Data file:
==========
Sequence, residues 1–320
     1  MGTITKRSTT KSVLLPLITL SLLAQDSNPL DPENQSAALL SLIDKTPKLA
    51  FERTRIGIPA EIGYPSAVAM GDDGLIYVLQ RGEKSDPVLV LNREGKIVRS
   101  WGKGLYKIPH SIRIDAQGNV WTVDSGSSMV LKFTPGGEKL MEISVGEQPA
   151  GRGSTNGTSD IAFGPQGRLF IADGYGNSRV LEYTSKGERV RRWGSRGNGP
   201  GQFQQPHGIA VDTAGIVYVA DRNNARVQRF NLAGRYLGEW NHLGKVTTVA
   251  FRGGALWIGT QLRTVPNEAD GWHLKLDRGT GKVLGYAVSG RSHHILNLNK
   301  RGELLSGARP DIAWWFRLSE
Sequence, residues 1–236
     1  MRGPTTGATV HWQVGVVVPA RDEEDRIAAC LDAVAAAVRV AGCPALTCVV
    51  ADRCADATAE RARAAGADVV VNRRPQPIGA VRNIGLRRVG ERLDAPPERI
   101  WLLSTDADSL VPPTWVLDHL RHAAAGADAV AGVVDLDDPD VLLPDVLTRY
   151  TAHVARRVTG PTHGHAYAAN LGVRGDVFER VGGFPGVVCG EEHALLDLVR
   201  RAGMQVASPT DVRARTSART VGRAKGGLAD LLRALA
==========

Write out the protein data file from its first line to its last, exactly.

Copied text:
Sequence, residues 1–320
     1  MGTITKRSTT KSVLLPLITL SLLAQDSNPL DPENQSAALL SLIDKTPKLA
    51  FERTRIGIPA EIGYPSAVAM GDDGLIYVLQ RGEKSDPVLV LNREGKIVRS
   101  WGKGLYKIPH SIRIDAQGNV WTVDSGSSMV LKFTPGGEKL MEISVGEQPA
   151  GRGSTNGTSD IAFGPQGRLF IADGYGNSRV LEYTSKGERV RRWGSRGNGP
   201  GQFQQPHGIA VDTAGIVYVA DRNNARVQRF NLAGRYLGEW NHLGKVTTVA
   251  FRGGALWIGT QLRTVPNEAD GWHLKLDRGT GKVLGYAVSG RSHHILNLNK
   301  RGELLSGARP DIAWWFRLSE
Sequence, residues 1–236
     1  MRGPTTGATV HWQVGVVVPA RDEEDRIAAC LDAVAAAVRV AGCPALTCVV
    51  ADRCADATAE RARAAGADVV VNRRPQPIGA VRNIGLRRVG ERLDAPPERI
   101  WLLSTDADSL VPPTWVLDHL RHAAAGADAV AGVVDLDDPD VLLPDVLTRY
   151  TAHVARRVTG PTHGHAYAAN LGVRGDVFER VGGFPGVVCG EEHALLDLVR
   201  RAGMQVASPT DVRARTSART VGRAKGGLAD LLRALA